And so it began, this Internet revolution, and on-line communications thrived and began to replace that telephone. When E-Mail first started (its starting point is somewhat in debate—some say the early 1970s, others the 1980s) it was of course a DOS based system (I ignore Apple, which I have been doing successfully since the Lisa came out), resembling perhaps today’s text messaging. In its early stages, I still sent and received e-mail from close colleagues. Slowly, that system grew to the point that I began sending and receiving to friends and family. At some point, I realized that the telephone had grown silent for most purposes. My E-Mail grew slowly and then rapidly, until it encompassed most of the people I knew.
At some stage, not sure when, I began receiving E-Mails from corporate entities. I would hear from Hewlett-Packard, for example, because I owned HP printers.  The system was still a closely held system.  Then, much like the telephone became a device for corporate entities to try to extract money from you, E-Mail joined that fraternity of money grubbers.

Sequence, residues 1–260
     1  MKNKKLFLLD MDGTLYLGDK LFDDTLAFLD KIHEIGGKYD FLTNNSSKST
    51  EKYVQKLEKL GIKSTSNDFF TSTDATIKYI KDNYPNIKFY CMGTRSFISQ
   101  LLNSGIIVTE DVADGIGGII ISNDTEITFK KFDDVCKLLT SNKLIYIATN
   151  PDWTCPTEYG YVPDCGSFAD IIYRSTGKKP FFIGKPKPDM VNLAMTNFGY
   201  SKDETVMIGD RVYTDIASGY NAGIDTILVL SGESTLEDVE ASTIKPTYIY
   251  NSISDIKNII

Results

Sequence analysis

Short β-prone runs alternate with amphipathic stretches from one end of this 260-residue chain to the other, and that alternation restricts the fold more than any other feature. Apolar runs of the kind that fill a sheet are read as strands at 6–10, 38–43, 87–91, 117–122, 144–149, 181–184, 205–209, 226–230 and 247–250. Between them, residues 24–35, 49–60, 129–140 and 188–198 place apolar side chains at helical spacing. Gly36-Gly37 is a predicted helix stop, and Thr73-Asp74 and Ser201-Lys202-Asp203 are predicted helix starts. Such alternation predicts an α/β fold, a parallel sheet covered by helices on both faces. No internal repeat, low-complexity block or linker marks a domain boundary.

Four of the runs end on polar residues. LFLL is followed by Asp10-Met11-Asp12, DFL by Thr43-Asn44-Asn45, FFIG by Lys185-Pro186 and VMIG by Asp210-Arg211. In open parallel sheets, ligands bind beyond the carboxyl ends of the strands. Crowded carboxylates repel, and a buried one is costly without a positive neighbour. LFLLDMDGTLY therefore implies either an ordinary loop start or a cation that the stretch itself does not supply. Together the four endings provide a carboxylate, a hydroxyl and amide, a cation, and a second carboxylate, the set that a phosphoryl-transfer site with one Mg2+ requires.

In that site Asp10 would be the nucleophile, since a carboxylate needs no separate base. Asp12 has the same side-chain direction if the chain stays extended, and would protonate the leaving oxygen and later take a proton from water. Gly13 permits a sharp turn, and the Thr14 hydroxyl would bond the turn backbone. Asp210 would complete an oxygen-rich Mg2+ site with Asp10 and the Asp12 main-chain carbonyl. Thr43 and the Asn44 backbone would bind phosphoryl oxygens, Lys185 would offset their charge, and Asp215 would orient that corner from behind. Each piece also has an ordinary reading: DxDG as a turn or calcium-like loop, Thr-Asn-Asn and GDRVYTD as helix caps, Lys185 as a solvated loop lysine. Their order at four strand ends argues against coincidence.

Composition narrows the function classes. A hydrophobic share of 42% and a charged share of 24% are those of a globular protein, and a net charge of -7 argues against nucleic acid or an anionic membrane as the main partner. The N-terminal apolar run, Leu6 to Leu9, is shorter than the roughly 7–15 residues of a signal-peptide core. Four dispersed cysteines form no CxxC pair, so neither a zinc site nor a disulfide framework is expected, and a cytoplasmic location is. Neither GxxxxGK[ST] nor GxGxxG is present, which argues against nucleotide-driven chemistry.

Now, I receive perhaps 50 E-Mails per day (it could be more; I have long ago stopped counting).  Of that number, I think I can count on two or three from actual people—friends and family. Now, most of this is my own doing of course. I get my news now through E-Mails. I subscribe to the New York Times, the Washington Post, the Manchester Guardian, the Charlotte Observer, the BBC, the ABC (Australian), the CBC (Canadian), something called the Local News (from Germany), the Thai-India News, and now a host of Internet news outlets unrelated to formal newspapers or TV-Radio systems.

But also, I receive, and here I am not sure, dozens of E-Mails from political entities, from the White House the Democrat National headquarters, to the Al Franken, or the Kirsten Gillibrand web sites.